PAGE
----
Amazon India believes that the trust of customers, innovation and technology, as well as the on-boarding of local and offline retailers will play a critical role for e-commerce companies in the post-covid world, Amit Agarwal, country head of Amazon India, said in an interview as part of the Pivot or Perish series.
E-commerce companies are trying to increase the number of buyers, with a shift from offline to online and as new consumer buying patterns emerge from this crisis.
“You earn trust when you do the right thing even when no one is watching you. I think in the post-covid world, customers are going to look for that trust, the trust of safety, the trust of having the items that they need delivered to them, making sure that we hold ourselves to the promises that we make. If we fail to fulfil a promise, we make it a very important exercise within the company to try with root cause, find what went wrong, fix that, so that it never happens again. These will be very, very important," said Agarwal.
Amazon’s core strategy of selection, price, and convenience is more relevant than ever in a post-covid world, Agarwal said.
Amazon aims to offer this to customers and deliver fast and reliably, he said, “by providing tools to empower hundreds and thousands of selling partners, so that they can offer anything that the customer wants. They can reduce cost of operations by using technology and offer great value, and use our logistics infrastructure to deliver it fast. That’s kind of the core part of our business model." Amazon has more than 600,000 sellers on its Marketplace platform.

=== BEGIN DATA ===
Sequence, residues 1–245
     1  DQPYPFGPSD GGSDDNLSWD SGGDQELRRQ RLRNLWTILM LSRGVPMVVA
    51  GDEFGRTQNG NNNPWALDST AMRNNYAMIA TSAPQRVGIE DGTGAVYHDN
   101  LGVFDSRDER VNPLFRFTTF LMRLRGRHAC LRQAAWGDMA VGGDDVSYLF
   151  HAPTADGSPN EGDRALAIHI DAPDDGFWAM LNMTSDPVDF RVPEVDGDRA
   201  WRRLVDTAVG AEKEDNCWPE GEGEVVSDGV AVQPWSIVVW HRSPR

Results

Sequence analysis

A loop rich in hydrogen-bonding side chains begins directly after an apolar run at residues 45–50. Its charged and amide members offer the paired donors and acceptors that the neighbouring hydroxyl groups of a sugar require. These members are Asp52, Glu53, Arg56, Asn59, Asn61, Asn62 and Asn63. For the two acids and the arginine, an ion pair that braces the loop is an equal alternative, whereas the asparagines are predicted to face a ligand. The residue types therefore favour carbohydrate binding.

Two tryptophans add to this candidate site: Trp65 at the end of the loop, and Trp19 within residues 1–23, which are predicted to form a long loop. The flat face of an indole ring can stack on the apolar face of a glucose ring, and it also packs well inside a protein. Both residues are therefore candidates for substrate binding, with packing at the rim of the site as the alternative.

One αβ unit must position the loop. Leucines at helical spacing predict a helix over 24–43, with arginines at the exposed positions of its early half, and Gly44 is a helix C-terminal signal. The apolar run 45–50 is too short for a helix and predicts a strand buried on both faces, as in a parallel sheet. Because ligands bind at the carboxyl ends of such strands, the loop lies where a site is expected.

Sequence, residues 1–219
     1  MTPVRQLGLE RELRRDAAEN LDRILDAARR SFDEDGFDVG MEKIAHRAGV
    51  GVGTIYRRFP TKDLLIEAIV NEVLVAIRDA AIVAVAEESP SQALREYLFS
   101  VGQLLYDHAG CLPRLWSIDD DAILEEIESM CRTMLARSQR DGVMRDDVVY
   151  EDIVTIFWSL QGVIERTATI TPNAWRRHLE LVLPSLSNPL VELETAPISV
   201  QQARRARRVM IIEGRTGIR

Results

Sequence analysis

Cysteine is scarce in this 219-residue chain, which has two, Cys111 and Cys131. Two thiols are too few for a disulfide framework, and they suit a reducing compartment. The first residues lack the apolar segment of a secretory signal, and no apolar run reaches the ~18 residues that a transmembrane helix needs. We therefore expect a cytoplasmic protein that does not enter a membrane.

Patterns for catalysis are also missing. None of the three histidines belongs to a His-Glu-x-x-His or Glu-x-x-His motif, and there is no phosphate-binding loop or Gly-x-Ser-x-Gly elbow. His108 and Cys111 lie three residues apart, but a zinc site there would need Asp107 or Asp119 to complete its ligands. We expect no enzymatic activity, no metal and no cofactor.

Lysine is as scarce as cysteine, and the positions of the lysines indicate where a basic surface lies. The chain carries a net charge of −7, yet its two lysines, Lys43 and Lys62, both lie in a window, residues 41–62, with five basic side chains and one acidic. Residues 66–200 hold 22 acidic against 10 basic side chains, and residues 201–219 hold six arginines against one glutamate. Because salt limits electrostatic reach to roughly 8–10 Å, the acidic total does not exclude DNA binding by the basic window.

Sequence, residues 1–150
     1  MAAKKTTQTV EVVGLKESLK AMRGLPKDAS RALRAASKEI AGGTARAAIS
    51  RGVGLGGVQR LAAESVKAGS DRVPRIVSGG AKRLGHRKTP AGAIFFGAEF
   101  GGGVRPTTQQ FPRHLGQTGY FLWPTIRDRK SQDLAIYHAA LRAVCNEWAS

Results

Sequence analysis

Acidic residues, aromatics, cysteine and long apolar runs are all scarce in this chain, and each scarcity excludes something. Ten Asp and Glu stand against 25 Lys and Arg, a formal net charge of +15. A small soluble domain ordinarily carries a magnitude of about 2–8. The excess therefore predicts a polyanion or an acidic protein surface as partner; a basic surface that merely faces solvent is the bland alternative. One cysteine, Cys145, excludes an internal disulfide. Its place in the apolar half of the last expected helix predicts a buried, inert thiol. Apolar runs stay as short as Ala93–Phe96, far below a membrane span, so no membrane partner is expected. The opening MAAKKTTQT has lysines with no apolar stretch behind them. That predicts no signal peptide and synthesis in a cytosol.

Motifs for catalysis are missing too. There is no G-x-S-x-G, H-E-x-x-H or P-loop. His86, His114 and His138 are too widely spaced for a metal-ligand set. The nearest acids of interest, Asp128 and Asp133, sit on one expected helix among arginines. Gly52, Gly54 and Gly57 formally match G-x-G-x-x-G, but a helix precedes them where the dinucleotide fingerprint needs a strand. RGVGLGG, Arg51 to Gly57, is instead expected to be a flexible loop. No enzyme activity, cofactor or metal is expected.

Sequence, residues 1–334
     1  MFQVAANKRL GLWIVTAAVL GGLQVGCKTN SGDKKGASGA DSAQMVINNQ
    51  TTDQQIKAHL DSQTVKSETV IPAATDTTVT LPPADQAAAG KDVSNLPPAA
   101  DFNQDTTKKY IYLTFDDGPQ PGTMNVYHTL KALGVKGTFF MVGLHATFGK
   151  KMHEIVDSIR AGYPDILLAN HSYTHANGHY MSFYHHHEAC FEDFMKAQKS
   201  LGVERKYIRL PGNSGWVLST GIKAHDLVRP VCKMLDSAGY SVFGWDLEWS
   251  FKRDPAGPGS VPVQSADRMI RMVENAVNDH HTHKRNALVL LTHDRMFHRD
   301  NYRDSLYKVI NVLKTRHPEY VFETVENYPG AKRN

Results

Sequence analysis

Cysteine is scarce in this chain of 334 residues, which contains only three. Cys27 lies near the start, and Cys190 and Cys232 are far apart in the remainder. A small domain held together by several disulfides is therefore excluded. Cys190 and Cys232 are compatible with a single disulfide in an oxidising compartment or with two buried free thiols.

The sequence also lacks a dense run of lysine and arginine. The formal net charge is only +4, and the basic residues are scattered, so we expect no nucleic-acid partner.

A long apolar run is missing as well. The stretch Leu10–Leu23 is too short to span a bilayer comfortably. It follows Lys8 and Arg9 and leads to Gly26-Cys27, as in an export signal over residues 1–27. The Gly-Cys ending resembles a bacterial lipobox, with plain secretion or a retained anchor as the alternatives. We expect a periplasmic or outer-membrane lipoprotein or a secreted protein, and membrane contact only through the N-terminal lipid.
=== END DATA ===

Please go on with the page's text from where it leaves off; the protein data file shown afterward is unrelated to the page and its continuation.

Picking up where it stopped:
In April, Amazon India launched ‘Local Shops on Amazon’ to enable offline retailers to come on the Amazon Marketplace and use the platform to sell their products and expand their reach.
“With this crisis, sellers would want to reach their customers even locally. Because of social distancing, footfall will have to be supplemented with an online presence. The Local Shops programme would help stores redefine themselves from being an offline store to being a place that serves customers no matter where the customers are," he said. “I feel that kind of embracing the technology might just leapfrog the idea of whether something is online and offline to being a customer-obsessed business. We are optimistic that manufacturers might embrace things such as local selling and redefine themselves as global brands."
In India, e-commerce firms such as Amazon and Flipkart were allowed to only deliver essential goods during the nearly two-month lockdown, impacting business in a big way. These firms have started delivering non-essentials to large cities this week.
Amazon has seen a more than 50% rise in demand compared to pre-covid days in the first two days after full-scale delivery of essential and non-essential products resumed. Agarwal said.
“Clearly, there is significant pent-up demand. Customers are looking to buy products that they haven’t been able to purchase for quite some time. I’m hopeful that some of this sustains and our sellers are able to recover some of the demand they had lost in the last few days," he said.